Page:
United States District Court, D. Delaware
Conaway, James T. Vaughn Correctional Center, Smyrna,
Delaware, Pro Se Plaintiff.
CONNOLLY, U.S. DISTRICT JUDGE
Robert Conaway ("Plaintiff"), an inmate at the
James T. Vaughn Correctional Center, "(JTVCC") in
Smyrna, Delaware, filed this action pursuant to 42 U.S.C.
§ 1983. (D.I. 3) Plaintiff appears prose
and has been granted leave to proceed in forma
pauperis. (D.I. 5) The Court proceeds to review and
screen the matter pursuant to 28 U.S.C. § 1915(e)(2)(b)
and § 1915A(a).
alleges that he began to experience unusual medical problems
on February 11, 2018. (D.I. 3 at 4) Plaintiff was seen by
health care provider Defendant Sheri L. McAfee-Garner
("McAfee-Garner") on May 15, 2018, after undergoing
medical testing and was told his condition was "probably
Zinker's Diverticulum." (Id.) Plaintiff was
told that other than a special diet there was no significant
treatment for the condition or none that the Delaware
Department of Correction ("DOC") was "willing
to approve financially." (Id.) Plaintiff
alleges that McAfee-Garner "has been responsible for all
of plaintiffs [sic] care." (Id.) Plaintiff was
seen by an outside specialist in April 2018 and tested
positive for an esophageal diverticulum. (Id.)
submitted a grievance on May 21, 2018. (Id. at 5) At
Level one, Defendant L.P.N. Amanda L Dean ("Dean")
provided Plaintiff diet education. (Id.) At Level
Two, Defendants L.P.N. Beth E. Bittner ("Bittner"),
D.O.N. Christina Spanos ("Spanos"), and R.N.
Beverly Trout ("Trout") denied Plaintiffs
grievance. (Id.) Appeal of Level Two reads,
"Uphold Recommend Grievant be seen by a higher level of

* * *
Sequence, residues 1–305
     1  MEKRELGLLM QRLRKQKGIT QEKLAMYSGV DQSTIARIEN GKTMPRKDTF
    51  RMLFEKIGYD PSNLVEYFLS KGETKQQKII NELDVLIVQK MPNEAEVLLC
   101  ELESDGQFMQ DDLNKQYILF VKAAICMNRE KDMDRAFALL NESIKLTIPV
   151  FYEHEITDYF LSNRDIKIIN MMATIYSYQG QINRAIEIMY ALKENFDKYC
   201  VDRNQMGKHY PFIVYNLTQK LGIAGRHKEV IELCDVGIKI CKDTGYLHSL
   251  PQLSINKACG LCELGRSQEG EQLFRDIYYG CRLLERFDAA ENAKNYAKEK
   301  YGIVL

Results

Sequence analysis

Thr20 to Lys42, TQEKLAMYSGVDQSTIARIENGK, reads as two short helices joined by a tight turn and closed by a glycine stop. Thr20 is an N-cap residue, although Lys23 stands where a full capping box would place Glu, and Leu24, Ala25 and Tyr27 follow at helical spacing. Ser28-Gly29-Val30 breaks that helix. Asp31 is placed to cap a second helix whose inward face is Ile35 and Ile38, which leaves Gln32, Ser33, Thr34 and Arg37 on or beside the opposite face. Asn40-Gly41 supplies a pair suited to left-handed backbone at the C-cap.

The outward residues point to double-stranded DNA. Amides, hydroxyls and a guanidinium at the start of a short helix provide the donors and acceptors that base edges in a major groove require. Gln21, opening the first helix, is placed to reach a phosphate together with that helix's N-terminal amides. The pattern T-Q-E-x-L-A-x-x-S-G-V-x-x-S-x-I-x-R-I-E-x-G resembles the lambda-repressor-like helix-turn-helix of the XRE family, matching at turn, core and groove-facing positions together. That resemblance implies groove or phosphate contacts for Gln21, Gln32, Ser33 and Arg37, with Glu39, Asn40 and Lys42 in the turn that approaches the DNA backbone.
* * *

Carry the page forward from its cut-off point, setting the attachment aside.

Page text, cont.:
care (Site Medical Director) for a diagnostic treatment
plan." (Id.) Defendant Matthew Wofford
("Wofford") is the JTVCC Site Director. Next,
Defendant Bureau Chief Marc Richman ("Richman")
upheld Plaintiffs grievance and recommended Plaintiff
"be seen by a higher level of care ... for a diagnostic
treatment plan." (Id. at 6)
alleges that, to date, he has not received treatment nor been
provided a medical diet. (Id. at 4-6) He alleges
that "they" notified him of other cures for his
condition, but they blame Defendant Warden Dana Metzger
("Metzger") for "not [being] willing to pay
for the treatment needed." (Id.) Plaintiff
alleges that he continues to suffer. He seeks compensatory
damages and injunctive relief. (Id. at 9)
federal court may properly dismiss an action sua
sponte under the screening provisions of 28 U.S.C.
§ 1915(e)(2)(B) and § 1915A(b) if "the action
is frivolous or malicious, fails to state a claim upon which
relief may be granted, or seeks monetary relief from a
defendant who is immune from such relief." Ball v.
Famiglio, 726 F.3d 448, 452 (3d Cir. 2013); see
also 28 U.S.C. § 1915(e)(2) (in forma
pauperis actions); 28 U.S.C. § 1915A (actions in
which prisoner seeks redress from a governmental defendant);
42 U.S.C. § 1997e (prisoner actions brought with respect
to prison conditions). The Court must accept all factual
allegations in a complaint as true and take them in the light
most favorable to a pro se plaintiff. See
Phillips v. County of Allegheny, 515 F.3d 224, 229 (3d
Cir. 2008); Erickson v. Pardus, 551 U.S. 89, 93
(2007). Because Plaintiff proceeds pro se, his
pleading is liberally construed and his Complaint,